Designing Financial Freedom

Financial counselor brings retirement solutions


In seeing firsthand the challenges and expenses people face in their later years, ASHLEY HOPKINS discovered her life’s work. Hopkins, a retirement planning counselor and founder of Sound Retirement Solutions, says she knew when she entered college that she wanted to focus on issues of long-term care and protection of assets for the elderly.

“I was too queasy to get into health care,” she says with a laugh, “so I decided to focus on the financial side.”

She first earned her insurance license, then her Certified Senior Advisor (CSA) designation. More recently, Hopkins has become a chartered retirement planning counselor and gained her certification in long-term care. She’s currently working to become a chartered financial consultant.

In 2018 she launched her firm, which is based in Wilmington and has an office in Greenville, South Carolina. There are plans to open an additional office next fall in Myrtle Beach. Sound Retirement Solutions now employs fifteen professionals.

What all this enables her and her colleagues to do is to “help families protect the legacies they have accrued, and protect their dignity,” Hopkins says. “I witnessed my grandparents lose what they had worked all their lives to save.”

Straitened circumstances meant that Hopkins’ mother was squeezed into a sandwich: caring for her own family as well as her parents. After the relatively early death of Hopkins’ grandfather, her grandmother needed even more attention.

Hopkins recalls those stressful years and the toll it took on her mother, physically, mentally, and emotionally. Now Hopkins is tasked with her own mother’s care, made more complicated because of the damage her mother sustained to her back, shoulder, hip, and legs from lifting her elderly mother in and out of the bathtub.

“She has paid the price for everything she’s done for her family,” Hopkins says.

Sound Retirement Solutions works primarily with clients over the age of fifty. About half are at some stage of planning for retirement. Others are already retired but need to reposition their assets, especially with current financial markets’ turbulence and high inflation.

Hopkins and her associates start their conversations with new clients by asking them a long list of questions that cover the range of issues involved in planning for retirement.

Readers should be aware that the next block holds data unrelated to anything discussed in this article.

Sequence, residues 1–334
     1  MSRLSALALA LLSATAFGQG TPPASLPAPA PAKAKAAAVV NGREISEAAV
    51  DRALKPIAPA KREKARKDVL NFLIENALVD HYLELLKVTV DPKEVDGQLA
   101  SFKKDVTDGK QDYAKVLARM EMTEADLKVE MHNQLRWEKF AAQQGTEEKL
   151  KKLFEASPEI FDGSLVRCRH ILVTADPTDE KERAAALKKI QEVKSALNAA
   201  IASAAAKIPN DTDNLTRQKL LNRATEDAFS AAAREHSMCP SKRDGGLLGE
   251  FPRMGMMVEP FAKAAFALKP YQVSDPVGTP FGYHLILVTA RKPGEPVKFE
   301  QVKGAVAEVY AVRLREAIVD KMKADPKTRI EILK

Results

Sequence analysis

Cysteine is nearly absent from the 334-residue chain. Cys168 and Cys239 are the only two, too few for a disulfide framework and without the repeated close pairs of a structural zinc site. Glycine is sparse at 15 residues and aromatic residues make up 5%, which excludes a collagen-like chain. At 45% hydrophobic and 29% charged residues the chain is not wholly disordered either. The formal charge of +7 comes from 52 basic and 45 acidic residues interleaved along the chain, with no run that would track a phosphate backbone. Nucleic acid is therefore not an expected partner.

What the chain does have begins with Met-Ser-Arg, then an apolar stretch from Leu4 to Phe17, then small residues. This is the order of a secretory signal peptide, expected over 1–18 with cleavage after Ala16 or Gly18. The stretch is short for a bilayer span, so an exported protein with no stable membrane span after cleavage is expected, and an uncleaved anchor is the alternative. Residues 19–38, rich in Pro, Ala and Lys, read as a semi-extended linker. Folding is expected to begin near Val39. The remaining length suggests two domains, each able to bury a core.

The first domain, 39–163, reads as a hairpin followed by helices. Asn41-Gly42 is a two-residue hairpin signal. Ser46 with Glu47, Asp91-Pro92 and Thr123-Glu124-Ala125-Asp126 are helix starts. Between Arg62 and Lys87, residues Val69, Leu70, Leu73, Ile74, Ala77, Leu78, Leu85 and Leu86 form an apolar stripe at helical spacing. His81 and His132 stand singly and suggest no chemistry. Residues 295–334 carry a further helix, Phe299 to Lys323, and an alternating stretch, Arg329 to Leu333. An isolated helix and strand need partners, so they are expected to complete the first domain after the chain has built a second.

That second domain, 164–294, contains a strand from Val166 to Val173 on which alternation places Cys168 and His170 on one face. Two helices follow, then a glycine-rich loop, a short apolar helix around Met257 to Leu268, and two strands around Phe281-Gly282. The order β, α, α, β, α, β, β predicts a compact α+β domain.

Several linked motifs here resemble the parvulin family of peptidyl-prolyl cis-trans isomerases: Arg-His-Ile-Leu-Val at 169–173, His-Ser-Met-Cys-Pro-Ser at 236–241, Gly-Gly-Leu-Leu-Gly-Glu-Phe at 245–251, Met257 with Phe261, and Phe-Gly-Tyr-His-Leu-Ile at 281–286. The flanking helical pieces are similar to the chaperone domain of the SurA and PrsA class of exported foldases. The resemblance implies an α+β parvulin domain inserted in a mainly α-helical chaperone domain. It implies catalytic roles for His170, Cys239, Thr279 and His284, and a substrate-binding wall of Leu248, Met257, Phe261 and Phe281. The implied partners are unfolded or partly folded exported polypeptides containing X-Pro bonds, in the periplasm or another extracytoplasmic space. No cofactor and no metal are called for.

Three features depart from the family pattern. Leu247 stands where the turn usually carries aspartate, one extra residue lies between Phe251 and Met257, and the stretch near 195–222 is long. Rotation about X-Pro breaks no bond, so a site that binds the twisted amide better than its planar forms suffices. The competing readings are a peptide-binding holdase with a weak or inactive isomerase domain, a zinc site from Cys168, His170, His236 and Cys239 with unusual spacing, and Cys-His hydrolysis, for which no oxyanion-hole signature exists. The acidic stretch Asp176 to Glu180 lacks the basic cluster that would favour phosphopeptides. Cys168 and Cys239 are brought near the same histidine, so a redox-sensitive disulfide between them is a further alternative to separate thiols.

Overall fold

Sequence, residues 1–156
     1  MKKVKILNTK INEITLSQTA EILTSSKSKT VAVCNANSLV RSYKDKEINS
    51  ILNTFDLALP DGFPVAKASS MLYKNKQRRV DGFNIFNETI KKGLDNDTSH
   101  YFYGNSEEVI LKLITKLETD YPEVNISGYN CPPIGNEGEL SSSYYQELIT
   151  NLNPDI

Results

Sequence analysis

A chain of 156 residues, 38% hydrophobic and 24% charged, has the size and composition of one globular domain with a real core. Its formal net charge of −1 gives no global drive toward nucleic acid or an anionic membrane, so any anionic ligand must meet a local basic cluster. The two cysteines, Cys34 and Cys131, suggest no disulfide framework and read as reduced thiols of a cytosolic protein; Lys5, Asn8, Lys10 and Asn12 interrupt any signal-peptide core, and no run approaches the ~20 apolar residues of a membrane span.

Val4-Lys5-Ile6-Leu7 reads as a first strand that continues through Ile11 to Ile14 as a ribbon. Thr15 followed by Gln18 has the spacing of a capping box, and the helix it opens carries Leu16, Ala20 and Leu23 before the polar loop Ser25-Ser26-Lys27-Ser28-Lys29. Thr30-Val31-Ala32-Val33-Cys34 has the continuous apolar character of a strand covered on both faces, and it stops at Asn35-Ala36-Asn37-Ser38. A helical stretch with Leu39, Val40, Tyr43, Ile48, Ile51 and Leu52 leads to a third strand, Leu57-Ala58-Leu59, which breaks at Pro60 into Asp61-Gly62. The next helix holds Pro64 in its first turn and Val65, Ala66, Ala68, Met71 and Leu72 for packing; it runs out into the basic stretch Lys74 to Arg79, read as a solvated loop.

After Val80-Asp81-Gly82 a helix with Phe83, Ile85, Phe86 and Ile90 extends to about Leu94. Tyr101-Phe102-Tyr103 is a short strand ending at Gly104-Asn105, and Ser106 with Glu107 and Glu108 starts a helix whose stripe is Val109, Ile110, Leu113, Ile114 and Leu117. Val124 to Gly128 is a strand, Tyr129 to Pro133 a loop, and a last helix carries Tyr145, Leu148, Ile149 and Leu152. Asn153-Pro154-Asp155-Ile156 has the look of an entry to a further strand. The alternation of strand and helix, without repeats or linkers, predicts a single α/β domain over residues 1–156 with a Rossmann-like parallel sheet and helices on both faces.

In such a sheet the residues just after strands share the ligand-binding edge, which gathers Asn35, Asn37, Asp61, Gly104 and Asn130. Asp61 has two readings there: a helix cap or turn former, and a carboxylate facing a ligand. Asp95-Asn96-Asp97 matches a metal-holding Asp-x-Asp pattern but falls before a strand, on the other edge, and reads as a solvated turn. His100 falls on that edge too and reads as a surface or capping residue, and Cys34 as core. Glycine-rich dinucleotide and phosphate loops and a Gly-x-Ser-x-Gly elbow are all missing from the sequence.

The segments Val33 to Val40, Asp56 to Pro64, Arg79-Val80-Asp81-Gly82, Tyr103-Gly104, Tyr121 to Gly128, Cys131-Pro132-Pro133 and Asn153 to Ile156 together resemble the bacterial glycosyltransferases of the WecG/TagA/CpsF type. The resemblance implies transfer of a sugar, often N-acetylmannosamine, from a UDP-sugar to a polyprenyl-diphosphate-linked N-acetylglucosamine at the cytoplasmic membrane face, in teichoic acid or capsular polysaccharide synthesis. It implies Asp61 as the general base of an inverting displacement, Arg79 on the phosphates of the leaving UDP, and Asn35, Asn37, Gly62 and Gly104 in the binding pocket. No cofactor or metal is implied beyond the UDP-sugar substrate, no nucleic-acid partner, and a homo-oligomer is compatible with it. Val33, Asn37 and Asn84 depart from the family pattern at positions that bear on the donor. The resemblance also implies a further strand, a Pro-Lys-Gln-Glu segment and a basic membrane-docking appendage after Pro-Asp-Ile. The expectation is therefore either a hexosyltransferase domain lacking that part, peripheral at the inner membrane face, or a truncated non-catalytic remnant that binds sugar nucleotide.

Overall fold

“Folks who save think if they have a nest egg, that will provide an income stream,” she says. “Income planning is one piece, but only about one-fifth (of the total retirement map).”

Other issues involve tax planning, directives, insurance, risk tolerance, beneficiaries, and ultimate disposal of assets. A main goal is to ensure that clients don’t outlive their assets.

Another goal is to avoid having the burden of care fall on family members. Hopkins sees this through the lens of her own offspring: three daughters and one son.

“I want them one day to manage my care but not provide my care,” she explains.

So, for her clients, she encourages them to set up a system in which professionals do the work and family members oversee it.

“That way, children can spend quality time with their parents,” she adds.

Hopkins laments the lack of women in the retirement planning field.

“I have been to Vegas twice in the past few weeks to meetings of retirement planners. In the rooms of 400 to 500 planners, I have been one of about ten women,” she says. “It’s critical to have a woman’s voice in the process, especially for women clients who lose their husbands.”

To address that need, Hopkins has collaborated with a fellow retirement planner in Washington State and one in California to develop a series of monthly workshops they call Empowering Women in Retirement. The series deals with women’s legal rights and options once they stop working.

“Nobody else in the Carolinas is doing this,” she notes. “We’re the only three in the whole country.”

At present, Hopkins holds her sessions at 5:30 p.m. one Tuesday each month, but that’s about to change.

“We’re getting such a response that we’re adding a Saturday session for ladies who work. Right now, we are holding (sessions) in my office but we’re growing so much, we’re looking at a larger space.”

To view more of photographer Aris Harding’s work, go to

Want more WILMA? Click here to sign up for our WILMA newsletters and announcements.

Categories: Women to Watch